The OTS has published its first report on the policy design and principles underpinning CGT and makes some radical proposals.
The Office of Tax Simplification (OTS) has published its first Capital Gains Tax (CGT) report on the policy design and principles underpinning CGT. The Chancellor, when requesting the review, asked the OTS to “identify opportunities relating to administrative and technical issues as well as areas where the present rules can distort behaviour or do not meet their policy intent.” This report is the first of two parts of the OTS review of CGT. The first part considers high level views on the future of CGT and the second part (which closed on 9 November) will consider more detailed comments about the technical detail and practical operation of CGT. The OTS has confirmed that its second report will be published early next year.
The first CGT report is in response to Part 1 ‘Principles of Capital Gains Tax’ of the OTS CGT review call for evidence (14 July 2020). This report sets out what is described as “a framework of policy choice within which the Government could consider simplifying the design of Capital Gains Tax, to smooth out bigger picture distortions, improve administrative efficiency and make the tax easier to understand and predict”. The report highlights where the features of CGT can distort behaviour, including its boundary with Income Tax (IT) and interconnections with Inheritance Tax (IHT) and makes a number of recommendations for the Government to consider.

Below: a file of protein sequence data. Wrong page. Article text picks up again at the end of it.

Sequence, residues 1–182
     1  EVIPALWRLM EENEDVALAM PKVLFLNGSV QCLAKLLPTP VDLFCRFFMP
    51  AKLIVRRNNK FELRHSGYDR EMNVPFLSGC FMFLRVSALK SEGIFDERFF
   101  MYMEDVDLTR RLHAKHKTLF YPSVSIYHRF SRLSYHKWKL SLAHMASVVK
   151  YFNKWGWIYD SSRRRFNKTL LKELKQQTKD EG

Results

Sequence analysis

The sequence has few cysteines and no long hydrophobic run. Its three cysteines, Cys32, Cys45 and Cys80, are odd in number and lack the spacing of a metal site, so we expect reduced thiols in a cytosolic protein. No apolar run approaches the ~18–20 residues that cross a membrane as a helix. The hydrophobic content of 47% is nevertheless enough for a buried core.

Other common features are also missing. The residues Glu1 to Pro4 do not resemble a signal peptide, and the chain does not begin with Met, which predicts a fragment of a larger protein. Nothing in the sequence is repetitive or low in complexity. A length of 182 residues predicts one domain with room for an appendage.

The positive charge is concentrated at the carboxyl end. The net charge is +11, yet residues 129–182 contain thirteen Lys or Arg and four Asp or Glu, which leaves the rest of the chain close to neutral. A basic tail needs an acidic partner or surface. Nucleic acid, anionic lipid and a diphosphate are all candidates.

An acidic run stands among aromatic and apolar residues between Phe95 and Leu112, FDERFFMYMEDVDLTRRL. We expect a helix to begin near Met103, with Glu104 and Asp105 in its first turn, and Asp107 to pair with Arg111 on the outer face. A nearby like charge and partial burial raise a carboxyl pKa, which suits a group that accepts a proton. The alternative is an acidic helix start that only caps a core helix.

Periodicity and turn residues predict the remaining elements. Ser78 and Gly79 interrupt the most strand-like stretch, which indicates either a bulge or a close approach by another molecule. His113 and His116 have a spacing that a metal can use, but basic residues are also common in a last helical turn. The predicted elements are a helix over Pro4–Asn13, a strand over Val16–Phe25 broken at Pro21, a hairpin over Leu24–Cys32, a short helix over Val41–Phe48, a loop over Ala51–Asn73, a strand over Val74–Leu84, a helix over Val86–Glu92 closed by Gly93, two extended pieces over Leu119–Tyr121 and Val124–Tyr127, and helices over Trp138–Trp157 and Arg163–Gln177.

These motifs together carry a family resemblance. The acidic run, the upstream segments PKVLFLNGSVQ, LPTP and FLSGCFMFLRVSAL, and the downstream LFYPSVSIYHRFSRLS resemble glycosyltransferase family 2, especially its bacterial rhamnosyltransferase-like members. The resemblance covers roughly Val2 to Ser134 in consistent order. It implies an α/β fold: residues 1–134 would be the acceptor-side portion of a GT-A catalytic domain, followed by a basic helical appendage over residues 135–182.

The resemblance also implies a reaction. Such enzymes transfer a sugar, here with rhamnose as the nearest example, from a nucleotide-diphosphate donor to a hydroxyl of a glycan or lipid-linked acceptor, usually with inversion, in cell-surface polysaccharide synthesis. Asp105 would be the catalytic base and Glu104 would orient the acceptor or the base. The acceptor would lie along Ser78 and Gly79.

These recommendations include some radical potential changes to the CGT rules such as:
The OTS recommendations, if implemented, could result in increases in tax on capital gains and there has therefore been a lot of press interest in the report. It is important to keep this OTS report in context and to bear in mind that this is not the first OTS report making radical recommendations on capital taxes. Over the last few years, the OTS has been asked by the Government to undertake reviews of a number of different areas. However, the Government does not always choose to respond to these recommendations. The scope of some of these earlier OTS reviews overlap with some of the issues considered by the OTS review of CGT. For example the OTS review of IHT, with its first report on IHT published in November 2018 and a second report in July 2019 (see Inheritance Tax Review – OTS publishes second report) for which we are still awaiting the Government’s response.
If you think you might be impacted by potential changes of this nature, now is a good time to take stock of your position so that should the Government decide it is to make any changes you understand the implications. Please contact your usual KPMG Private Client adviser or one of the specialists listed on our Family Office and Private Client web page to discuss how these changes might affect you.
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